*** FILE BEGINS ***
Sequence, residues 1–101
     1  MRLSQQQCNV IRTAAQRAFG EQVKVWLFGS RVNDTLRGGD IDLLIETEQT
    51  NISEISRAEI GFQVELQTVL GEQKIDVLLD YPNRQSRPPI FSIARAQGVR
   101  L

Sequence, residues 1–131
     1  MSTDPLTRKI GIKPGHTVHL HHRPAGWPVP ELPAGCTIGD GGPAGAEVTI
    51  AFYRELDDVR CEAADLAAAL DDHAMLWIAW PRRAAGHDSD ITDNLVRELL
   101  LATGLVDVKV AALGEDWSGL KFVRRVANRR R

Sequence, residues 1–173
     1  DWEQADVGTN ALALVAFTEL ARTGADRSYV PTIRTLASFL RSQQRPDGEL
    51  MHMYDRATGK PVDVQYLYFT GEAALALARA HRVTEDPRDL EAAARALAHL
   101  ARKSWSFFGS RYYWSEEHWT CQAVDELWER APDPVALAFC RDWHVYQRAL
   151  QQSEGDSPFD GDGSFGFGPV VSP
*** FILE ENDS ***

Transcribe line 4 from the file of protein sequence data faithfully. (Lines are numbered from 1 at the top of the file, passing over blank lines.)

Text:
   101  L